Why Integrators Should Be Paying Attention to the Log4j Vulnerability

The U.S. government and cybersecurity professionals are issuing dire warnings over a newly discovered remote code execution vulnerability in the popular Java logging tool, Log4j, that could give an attacker unfettered access to a compromised system.

The vulnerability in the widely used Log4j system, maintained by the Apache Software Foundation, is particularly dangerous given the sheer amount of applications using the tool and the relative simplicity of exploitation. It is the most popular Java logging library with over 400,000 downloads from its GitHub project, and “millions” of other products use it.

Nearly every large provider of IT products and services are impacted, including VMWare, Cisco, Microsoft, Amazon, cybersecurity providers, and others.

The U.S. Cybersecurity and Infrastructure Security Agency (CISA) has pledged to release a list of affected products and vendor advisories. However, others have already jumped the gun and released a long list of vendors and their responses to the vulnerability.

According to CISA, the vulnerability impacts Log4j versions 2.0-beta9 to 2.14.1, specifically in the action the Java Naming and Directory Interface (JDNI) takes to resolve variables. Affected versions of the tool contain JDNI features such as lookup substitution that do not protect against adversary-controlled LDAP and other JNDI related endpoints.

“An adversary can exploit this vulnerability by submitting a specially crafted request to a vulnerable system that causes that system to execute arbitrary code,” read the agency’s advisory. “The request allows the adversary to take full control over the system. The adversary can then steal information, launch ransomware, or conduct other malicious activity.”

Paul Ducklin, principal research scientist at cybersecurity firm Sophos, says the vulnerability allows a malicious user to send a request to a vulnerable server that includes some data—like an HTTP header—that the server is expected to write to its logfile.

In an interview with CE Pro’s sister site MyTechDecisions, Ducklin said that data can be booby-trapped to include malware and help a threat actor establish a presence in a target network.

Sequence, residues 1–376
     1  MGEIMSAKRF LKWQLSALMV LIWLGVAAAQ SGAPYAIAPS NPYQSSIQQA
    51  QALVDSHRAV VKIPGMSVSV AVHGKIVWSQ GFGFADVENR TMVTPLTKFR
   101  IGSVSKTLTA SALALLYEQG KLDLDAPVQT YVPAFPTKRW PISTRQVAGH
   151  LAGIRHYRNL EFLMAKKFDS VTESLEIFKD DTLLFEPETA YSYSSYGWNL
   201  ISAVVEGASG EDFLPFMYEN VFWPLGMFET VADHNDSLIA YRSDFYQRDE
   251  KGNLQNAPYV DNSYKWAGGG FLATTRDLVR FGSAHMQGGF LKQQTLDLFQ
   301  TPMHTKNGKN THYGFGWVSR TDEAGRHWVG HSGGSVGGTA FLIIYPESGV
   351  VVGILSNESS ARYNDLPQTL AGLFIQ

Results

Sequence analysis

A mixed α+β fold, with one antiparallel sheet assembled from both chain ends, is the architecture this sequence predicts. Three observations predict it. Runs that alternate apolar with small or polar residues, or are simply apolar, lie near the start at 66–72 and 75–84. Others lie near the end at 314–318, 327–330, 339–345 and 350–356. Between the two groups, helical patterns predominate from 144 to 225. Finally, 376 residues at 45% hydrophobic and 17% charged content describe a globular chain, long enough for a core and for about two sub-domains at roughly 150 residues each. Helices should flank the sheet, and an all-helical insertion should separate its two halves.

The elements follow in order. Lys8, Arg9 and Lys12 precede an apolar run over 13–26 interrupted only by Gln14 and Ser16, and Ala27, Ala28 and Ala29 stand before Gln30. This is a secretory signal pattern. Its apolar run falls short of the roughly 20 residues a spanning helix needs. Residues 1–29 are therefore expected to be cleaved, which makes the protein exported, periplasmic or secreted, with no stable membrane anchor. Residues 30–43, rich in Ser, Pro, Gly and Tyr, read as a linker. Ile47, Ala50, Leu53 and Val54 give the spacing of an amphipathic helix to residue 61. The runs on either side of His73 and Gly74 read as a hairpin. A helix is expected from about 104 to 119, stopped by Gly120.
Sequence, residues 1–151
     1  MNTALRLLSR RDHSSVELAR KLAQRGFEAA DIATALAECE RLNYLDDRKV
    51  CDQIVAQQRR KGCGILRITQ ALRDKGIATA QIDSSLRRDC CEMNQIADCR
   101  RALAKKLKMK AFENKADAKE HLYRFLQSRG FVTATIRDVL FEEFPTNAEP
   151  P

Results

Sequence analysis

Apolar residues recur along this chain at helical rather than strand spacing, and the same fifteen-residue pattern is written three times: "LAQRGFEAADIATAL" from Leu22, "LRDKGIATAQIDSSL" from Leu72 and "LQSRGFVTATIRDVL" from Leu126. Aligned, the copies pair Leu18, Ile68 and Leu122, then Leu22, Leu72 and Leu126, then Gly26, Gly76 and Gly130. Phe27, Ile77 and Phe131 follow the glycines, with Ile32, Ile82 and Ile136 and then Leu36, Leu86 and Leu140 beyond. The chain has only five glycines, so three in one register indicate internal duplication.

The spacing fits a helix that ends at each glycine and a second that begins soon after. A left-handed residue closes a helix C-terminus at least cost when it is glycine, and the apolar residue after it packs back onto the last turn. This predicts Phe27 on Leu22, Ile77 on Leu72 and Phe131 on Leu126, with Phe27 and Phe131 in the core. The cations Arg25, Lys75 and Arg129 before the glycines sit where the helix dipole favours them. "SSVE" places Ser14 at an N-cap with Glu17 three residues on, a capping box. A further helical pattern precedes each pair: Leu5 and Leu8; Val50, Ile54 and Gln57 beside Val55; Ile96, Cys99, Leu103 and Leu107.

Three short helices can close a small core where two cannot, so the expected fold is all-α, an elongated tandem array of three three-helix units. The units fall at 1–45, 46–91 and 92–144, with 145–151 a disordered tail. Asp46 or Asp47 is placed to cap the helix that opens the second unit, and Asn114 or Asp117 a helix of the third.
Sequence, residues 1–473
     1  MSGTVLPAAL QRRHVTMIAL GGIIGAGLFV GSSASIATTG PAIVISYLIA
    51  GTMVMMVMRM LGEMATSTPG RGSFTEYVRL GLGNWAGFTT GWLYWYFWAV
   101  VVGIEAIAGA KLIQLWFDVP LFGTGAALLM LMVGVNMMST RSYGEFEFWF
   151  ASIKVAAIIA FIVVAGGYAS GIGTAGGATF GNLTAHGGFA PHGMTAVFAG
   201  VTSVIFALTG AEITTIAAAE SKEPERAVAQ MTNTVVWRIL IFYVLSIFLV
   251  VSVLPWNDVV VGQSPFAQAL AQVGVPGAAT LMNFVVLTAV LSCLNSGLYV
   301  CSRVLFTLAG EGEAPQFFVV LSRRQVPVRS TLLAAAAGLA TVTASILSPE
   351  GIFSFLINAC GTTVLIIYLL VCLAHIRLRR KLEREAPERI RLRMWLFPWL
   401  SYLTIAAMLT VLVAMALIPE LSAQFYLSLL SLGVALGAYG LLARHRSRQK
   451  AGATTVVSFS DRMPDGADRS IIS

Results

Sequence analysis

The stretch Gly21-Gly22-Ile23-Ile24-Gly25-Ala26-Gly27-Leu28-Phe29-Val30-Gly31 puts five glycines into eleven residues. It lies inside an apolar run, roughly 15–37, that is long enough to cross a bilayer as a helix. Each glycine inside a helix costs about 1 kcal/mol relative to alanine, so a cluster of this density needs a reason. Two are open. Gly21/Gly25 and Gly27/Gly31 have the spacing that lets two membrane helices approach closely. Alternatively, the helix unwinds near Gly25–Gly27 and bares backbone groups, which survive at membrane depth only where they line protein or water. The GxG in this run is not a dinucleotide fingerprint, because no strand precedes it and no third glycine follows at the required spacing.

“What you end up with is something that was supposed to be a super flexible, fantastic, exceptional feature in a widely used logging program that actually turns into an explosively dangerous exploit,” Ducklin says. “You’re taking untrusted data that came from a user, assuming you can do magic things with it. Unfortunately, you’re putting the loggee in charge of the logger. Since the loggee can be anywhere in the world with a traditional server, that’s very bad indeed.”

For any business, this means scanning your IT environment for any instance of vulnerability and upgrading to the latest version of Log4j or applying patches from technology vendors.

For the AV integration community, extra attention should be placed on tools used to remotely manage customers’ AV systems, as several such vendors have acknowledged having affected products and have since released patches.

The true list may be massive given how popular Log4j is, but some AV-aligned vendors to publicly acknowledge they have impacted products include Cisco, ConnectWise and others.

A version of this article originally appeared on our sister publication Commercial Integrator‘s website and uses data originally reported by MyTechDecisions.

The post Why Integrators Should Be Paying Attention to the Log4j Vulnerability appeared first on CEPRO.

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